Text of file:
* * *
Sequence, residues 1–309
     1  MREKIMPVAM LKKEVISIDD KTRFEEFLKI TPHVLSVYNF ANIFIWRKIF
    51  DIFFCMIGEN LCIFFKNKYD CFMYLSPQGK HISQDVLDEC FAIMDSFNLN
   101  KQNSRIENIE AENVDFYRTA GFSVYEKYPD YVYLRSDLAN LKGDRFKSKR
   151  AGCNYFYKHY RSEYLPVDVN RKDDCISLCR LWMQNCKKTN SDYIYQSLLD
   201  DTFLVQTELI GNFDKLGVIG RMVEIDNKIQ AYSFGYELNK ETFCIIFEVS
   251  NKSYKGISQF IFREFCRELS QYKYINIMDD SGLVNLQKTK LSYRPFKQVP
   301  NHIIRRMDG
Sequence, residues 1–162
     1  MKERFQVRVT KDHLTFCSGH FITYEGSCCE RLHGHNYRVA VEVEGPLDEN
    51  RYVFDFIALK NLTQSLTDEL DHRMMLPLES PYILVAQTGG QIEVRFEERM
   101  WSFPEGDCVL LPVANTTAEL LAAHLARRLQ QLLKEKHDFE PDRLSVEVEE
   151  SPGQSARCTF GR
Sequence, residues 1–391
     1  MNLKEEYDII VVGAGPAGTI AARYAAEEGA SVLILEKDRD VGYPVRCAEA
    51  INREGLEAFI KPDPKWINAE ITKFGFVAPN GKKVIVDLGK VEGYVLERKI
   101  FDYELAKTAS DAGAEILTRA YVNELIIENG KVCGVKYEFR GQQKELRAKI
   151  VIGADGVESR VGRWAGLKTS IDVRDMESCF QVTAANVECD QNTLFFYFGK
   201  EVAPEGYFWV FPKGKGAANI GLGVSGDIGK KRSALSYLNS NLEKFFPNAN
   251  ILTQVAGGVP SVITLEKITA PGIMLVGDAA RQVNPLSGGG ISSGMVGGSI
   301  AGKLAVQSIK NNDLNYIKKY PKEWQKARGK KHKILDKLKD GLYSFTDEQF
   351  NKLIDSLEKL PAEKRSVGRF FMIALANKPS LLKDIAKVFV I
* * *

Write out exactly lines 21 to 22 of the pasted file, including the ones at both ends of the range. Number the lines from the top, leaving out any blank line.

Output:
   301  AGKLAVQSIK NNDLNYIKKY PKEWQKARGK KHKILDKLKD GLYSFTDEQF
   351  NKLIDSLEKL PAEKRSVGRF FMIALANKPS LLKDIAKVFV I